Equitability in social experience, for Allen, also means seeking social equity for students who are part of the LGBTQ+ community.
The high school has worked with members of PFLAG (Parents and Friends of Lesbians and Gays), a network of chapters that focus mainly on connecting allies to the LGBTQ+ community with resources and information, as well as other people like them who are trying to learn more, in the past. Darren Lucas-Hayes, head of the GSA at the high school, had previously brought in representatives from PFLAG to talk to students and faculty about LGBTQ+ issues while they were on the island before the pandemic.
In February, representatives from PFLAG did come to NHS and addressed a small group of students to talk about living as a transgender person and to answer questions. The representatives talked to a small group intentionally. Vasil and Lucas-Hayes picked “the group we thought would benefit most from it”. PFLAG also spoke to staff, who had, prior to the meeting, written questions and decided on topics that they wanted to learn more about.
“When it is a sensitive subject, we want to make sure how it is received and make sure the group of students feels affirmed,” Vasil explained. She worried that in too large a group, the message could lose potency or get missed. Hearing a student who failed to take the subject seriously laughing or being disrespectful could put someone who is in the closet or trying to figure out their identity in an uncomfortable situation.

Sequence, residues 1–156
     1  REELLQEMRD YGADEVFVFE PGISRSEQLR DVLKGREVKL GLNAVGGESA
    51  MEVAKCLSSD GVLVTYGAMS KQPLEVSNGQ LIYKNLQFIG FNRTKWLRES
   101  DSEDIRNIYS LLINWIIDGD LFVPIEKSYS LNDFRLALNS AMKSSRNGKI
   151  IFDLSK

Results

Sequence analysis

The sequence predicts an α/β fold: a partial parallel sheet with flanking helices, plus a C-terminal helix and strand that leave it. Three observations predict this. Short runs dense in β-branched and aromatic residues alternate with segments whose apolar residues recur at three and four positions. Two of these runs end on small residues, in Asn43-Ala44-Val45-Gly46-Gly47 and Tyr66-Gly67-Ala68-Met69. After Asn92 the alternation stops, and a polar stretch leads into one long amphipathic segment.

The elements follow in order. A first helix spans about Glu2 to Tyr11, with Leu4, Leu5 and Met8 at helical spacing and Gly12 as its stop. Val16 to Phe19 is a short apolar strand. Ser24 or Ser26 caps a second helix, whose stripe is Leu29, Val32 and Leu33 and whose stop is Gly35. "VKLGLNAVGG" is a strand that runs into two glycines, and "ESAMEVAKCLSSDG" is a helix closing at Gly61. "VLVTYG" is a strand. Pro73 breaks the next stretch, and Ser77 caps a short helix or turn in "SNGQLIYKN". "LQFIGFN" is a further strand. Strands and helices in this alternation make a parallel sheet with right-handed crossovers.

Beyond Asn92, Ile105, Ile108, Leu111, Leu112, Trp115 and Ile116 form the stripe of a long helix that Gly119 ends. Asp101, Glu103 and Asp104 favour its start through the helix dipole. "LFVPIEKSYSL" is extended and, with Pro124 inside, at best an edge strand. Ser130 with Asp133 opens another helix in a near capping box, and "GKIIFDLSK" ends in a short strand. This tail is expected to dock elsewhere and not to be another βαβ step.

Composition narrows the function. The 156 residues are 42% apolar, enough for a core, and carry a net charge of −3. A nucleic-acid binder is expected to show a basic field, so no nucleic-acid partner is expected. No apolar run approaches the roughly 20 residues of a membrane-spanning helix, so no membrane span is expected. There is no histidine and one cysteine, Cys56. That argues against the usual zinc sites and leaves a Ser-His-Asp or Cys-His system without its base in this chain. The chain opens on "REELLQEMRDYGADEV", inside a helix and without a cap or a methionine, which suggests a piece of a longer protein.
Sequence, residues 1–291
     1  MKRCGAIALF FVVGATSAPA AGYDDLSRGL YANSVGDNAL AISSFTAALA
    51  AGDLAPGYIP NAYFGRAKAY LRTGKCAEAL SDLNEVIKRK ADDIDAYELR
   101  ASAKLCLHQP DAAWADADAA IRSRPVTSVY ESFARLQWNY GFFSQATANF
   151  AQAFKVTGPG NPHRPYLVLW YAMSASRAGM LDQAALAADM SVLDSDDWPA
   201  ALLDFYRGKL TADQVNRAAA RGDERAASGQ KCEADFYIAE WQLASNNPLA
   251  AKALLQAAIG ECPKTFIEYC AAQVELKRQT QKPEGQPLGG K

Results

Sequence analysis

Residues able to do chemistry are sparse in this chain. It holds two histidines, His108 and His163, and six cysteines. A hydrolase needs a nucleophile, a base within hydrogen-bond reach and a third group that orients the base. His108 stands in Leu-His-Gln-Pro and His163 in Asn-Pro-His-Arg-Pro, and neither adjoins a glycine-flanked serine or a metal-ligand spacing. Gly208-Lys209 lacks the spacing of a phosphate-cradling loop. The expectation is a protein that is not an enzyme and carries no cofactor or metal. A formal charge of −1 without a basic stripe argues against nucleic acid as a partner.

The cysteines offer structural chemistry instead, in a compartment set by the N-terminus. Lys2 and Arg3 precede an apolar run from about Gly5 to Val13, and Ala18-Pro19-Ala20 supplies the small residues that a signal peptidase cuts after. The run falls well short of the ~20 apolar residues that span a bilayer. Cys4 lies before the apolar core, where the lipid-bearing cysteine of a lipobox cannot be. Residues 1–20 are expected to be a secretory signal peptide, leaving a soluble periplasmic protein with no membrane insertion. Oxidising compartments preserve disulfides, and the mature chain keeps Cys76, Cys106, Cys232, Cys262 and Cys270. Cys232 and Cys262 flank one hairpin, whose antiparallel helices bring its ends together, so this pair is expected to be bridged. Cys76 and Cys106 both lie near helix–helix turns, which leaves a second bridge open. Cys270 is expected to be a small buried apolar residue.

However, she hopes to bring members of PFLAG back again: “There is the potential to re-invite PFLAG to speak to team captains… our student-athletes, especially captains, help bridge the gap.” The group who met with PFLAG in February was diverse, but not representative of the athletic population of the school. Vasil feels that this group of students would benefit from a conversation with the PFLAG representatives.
The team captains have already “put themselves in positions of leadership, but it could help them to help the situation” if they witnessed inappropriate language or behavior, Vasil explained. “I’m not 100 percent sure that students in these positions have the confidence to speak up now.”
A training would help bolster their confidence, and give them the skills necessary to step into a situation and know what to do. It can be hard to stand up for yourself or others, especially as a teenager. The question for administration and teachers is: “How do we help our student leaders have the courage to speak up?”